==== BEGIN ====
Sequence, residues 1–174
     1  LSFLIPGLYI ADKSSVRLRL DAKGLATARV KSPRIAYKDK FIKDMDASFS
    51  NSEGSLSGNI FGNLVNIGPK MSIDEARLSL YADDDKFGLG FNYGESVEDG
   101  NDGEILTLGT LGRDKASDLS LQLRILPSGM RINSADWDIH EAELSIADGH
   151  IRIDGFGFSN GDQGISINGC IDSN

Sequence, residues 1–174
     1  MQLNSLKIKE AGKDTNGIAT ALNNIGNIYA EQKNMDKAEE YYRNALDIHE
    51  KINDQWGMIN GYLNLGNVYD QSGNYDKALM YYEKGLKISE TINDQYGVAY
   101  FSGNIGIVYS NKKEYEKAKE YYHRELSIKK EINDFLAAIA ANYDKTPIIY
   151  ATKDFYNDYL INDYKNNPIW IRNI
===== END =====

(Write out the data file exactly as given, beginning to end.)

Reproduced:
Sequence, residues 1–174
     1  LSFLIPGLYI ADKSSVRLRL DAKGLATARV KSPRIAYKDK FIKDMDASFS
    51  NSEGSLSGNI FGNLVNIGPK MSIDEARLSL YADDDKFGLG FNYGESVEDG
   101  NDGEILTLGT LGRDKASDLS LQLRILPSGM RINSADWDIH EAELSIADGH
   151  IRIDGFGFSN GDQGISINGC IDSN

Sequence, residues 1–174
     1  MQLNSLKIKE AGKDTNGIAT ALNNIGNIYA EQKNMDKAEE YYRNALDIHE
    51  KINDQWGMIN GYLNLGNVYD QSGNYDKALM YYEKGLKISE TINDQYGVAY
   101  FSGNIGIVYS NKKEYEKAKE YYHRELSIKK EINDFLAAIA ANYDKTPIIY
   151  ATKDFYNDYL INDYKNNPIW IRNI